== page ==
Why then, is Camille Paglia writing in her Salon.com column "Don't run, Al. Don't!" about what she sees "as Republican momentum toward next year's national election?" (Yup, it looks like she's been back at Salon since Valentine's Day. I'm surprised it took me that long to notice. Perhaps the Salon editors were looking for something to counterbalance the rational, thoughtful and insightful musings of Glenn Greenwald.)
I have to admit to a morbid fascination with Paglia's commentary. She plays the part of agent provocateur perfectly: a pseudo-feminist, democratic libertarian, martial hedonist who relishes her ability to stir things up, never endearing herself to the left or the right. Her style is one I would never choose for myself. More often than not, I do not agree with her. But I have to admit, I'm almost always entertained and challenged.
I saw the headline and clicked, wondering, "What's Camille got to say about Al?"
Apparently, a lot. But, she's got even more to say about Hillary. It turns out the story is not primarily about whether or not Gore should launch a bid. It's actually about what the "Draft Al" movement reveals about the Democratic nomination battle. She uses the "Draft Al" movement as evidence the Democratic base is NOT satisfied with current choices, stating "the Gore boomlet betrays subterranean tremors of doubt."
Oh, so that's it. We're going to read about the dismal state of the Democratic Party nomination battle. Well, at least I'm going to be challenged this time. I'm pretty sure I'm not going to be entertained.
Although Paglia certainly tries. She launches into her typical commentary, jumping disjointedly from one thought to the next. Not surprisingly, she holds no punches. The current crop of candidates has failed to impress her in the opening debates. "Wait, I wonder, is she now arguing there's a place for Gore in this campaign?" I check the headline again. Hmmm...
She savages Hillary (and makes sure to hit Bill, too, for old times sake). She belittles Edwards and Obama. With the possible exception of Kucinich, the Democrats are a bunch of "girly-men." OK, she doesn't use the governator's term, but she's essentially delivering the same message. She observes:
After two major televised debates by both parties, only a Pollyanna on helium would believe that any of the top-tier Democrats will definitely be able to defeat a leading Republican like Mitt Romney or Rudy Giuliani.I think it's far too early in the campaign to draw conclusions regarding general election matchups. I do, however, recognize there are quite a few Pollyannas running around these days, particularly among the denizens of the progressive blogosphere. "Too many Democrats seem to believe that their party will simply sail into the White House in 2008," Paglia writes. On this point, I couldn't agree more. This overconfidence is worrisome. I'm not sure there is much we can do about it, but we all need to understand that winning the White House in 2008 is not a done deal.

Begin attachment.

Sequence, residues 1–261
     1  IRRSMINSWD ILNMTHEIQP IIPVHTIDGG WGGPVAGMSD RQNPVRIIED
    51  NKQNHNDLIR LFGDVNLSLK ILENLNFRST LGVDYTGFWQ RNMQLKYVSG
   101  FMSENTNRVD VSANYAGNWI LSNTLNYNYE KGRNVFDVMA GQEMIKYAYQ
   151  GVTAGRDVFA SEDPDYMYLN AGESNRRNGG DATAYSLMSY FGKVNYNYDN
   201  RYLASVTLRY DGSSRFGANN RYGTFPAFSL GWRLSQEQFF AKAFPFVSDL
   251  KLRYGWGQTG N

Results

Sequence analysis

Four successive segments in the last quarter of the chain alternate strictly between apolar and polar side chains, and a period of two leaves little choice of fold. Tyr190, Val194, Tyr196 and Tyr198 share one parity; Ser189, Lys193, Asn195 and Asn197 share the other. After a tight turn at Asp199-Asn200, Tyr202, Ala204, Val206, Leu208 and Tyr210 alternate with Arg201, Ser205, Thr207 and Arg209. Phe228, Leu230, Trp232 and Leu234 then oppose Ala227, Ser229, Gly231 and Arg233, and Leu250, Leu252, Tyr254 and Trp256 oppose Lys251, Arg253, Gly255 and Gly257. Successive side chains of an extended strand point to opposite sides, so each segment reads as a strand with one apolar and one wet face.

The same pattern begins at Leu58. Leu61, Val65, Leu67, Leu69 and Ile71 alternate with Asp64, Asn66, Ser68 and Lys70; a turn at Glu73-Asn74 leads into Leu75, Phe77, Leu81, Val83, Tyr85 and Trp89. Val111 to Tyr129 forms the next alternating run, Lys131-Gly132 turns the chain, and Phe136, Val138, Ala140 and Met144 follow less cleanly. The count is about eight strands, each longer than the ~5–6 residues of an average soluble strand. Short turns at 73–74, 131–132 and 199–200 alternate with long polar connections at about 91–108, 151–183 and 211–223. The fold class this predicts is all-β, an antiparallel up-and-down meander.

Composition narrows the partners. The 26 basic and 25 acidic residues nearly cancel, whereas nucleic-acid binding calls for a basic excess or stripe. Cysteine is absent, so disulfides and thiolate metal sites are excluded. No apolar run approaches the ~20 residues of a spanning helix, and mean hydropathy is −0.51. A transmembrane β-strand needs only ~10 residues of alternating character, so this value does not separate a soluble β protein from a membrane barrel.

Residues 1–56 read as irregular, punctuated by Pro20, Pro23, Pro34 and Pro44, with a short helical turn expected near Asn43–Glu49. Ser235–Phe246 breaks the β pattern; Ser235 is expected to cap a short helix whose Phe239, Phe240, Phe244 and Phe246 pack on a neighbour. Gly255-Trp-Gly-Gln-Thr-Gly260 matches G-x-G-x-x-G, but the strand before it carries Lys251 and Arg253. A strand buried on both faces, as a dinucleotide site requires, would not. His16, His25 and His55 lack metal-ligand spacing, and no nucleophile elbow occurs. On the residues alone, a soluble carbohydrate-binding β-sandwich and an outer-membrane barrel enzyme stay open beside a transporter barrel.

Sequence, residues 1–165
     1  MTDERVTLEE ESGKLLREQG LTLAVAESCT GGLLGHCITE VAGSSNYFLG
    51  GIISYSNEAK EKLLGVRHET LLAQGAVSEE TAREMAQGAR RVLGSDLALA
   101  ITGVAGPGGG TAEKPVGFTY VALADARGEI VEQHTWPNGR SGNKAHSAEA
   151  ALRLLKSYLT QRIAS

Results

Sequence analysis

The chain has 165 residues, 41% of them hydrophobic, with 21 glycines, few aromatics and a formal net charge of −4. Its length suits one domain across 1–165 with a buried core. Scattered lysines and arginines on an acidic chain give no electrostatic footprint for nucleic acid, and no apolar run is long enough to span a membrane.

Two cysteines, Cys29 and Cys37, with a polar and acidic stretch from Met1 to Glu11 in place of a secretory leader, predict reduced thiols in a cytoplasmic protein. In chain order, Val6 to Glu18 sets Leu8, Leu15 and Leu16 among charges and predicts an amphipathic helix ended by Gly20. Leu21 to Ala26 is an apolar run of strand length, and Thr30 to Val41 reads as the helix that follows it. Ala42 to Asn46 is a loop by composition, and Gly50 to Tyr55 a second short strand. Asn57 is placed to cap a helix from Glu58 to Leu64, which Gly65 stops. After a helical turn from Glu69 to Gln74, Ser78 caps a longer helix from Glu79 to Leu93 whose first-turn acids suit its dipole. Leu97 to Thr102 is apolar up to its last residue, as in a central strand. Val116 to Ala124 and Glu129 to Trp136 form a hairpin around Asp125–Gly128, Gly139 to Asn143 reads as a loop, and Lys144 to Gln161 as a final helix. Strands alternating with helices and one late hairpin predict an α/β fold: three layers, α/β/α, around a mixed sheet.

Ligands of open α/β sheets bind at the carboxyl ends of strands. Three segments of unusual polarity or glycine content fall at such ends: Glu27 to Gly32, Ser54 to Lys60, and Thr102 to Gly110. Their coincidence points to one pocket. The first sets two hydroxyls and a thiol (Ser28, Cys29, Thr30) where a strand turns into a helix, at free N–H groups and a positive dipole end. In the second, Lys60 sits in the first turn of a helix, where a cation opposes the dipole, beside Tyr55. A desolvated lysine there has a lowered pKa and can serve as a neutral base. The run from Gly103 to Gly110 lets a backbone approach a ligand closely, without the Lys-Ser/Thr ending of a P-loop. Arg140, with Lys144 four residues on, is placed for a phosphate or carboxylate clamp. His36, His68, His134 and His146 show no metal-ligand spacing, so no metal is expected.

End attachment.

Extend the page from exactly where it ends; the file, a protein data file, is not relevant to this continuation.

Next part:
But, does the "Draft Al" movement reveal a sense of dissatisfaction within the Democratic Party? I'm not so sure. Paglia simply throws the comment out with "shudders of deja vu." She provides little else to support her claim. She ignores the vast amounts of money the leading Democrats raised in the first quarter. She conveniently overlooks the vastly larger audiences watching the Democratic debates. All of this must be unimportant.
She expends quite a bit of energy beating up the leading candidates - while offering minimal advice to the current candidates and failing to offer any viable alternatives.
Paglia fails to entertain AND challenge this time.
I have my opinion about Gore's 20008 plans and chances. He should run IF he wants to, the odds for him winning the White House are better than anyone else out there, BUT he needs to be in the race before the end of September. I would consider supporting him, but I lean towards John Edwards. I myself believe a diverse primary contest strengthens the eventual nominee, in most cases. I state these opinions simply to let the reader know where I stand; I believe they are irrelevant to this post's central topics.
I'm wondering two things:
1) Is the Democratic Party overconfident going into 2008?
2) Does the "Draft Al" movement reveal dissatisfaction in the Democratic ranks?
Cross posted at My Left Wing.